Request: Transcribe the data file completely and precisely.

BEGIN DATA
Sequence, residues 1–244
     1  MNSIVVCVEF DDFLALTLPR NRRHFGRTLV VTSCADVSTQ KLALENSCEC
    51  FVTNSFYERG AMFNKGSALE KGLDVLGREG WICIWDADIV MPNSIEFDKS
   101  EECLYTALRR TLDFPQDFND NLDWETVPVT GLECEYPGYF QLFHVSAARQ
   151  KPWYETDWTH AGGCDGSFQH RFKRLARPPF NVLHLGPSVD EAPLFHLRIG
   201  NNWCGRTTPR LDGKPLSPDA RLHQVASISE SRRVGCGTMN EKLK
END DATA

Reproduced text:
Sequence, residues 1–244
     1  MNSIVVCVEF DDFLALTLPR NRRHFGRTLV VTSCADVSTQ KLALENSCEC
    51  FVTNSFYERG AMFNKGSALE KGLDVLGREG WICIWDADIV MPNSIEFDKS
   101  EECLYTALRR TLDFPQDFND NLDWETVPVT GLECEYPGYF QLFHVSAARQ
   151  KPWYETDWTH AGGCDGSFQH RFKRLARPPF NVLHLGPSVD EAPLFHLRIG
   201  NNWCGRTTPR LDGKPLSPDA RLHQVASISE SRRVGCGTMN EKLK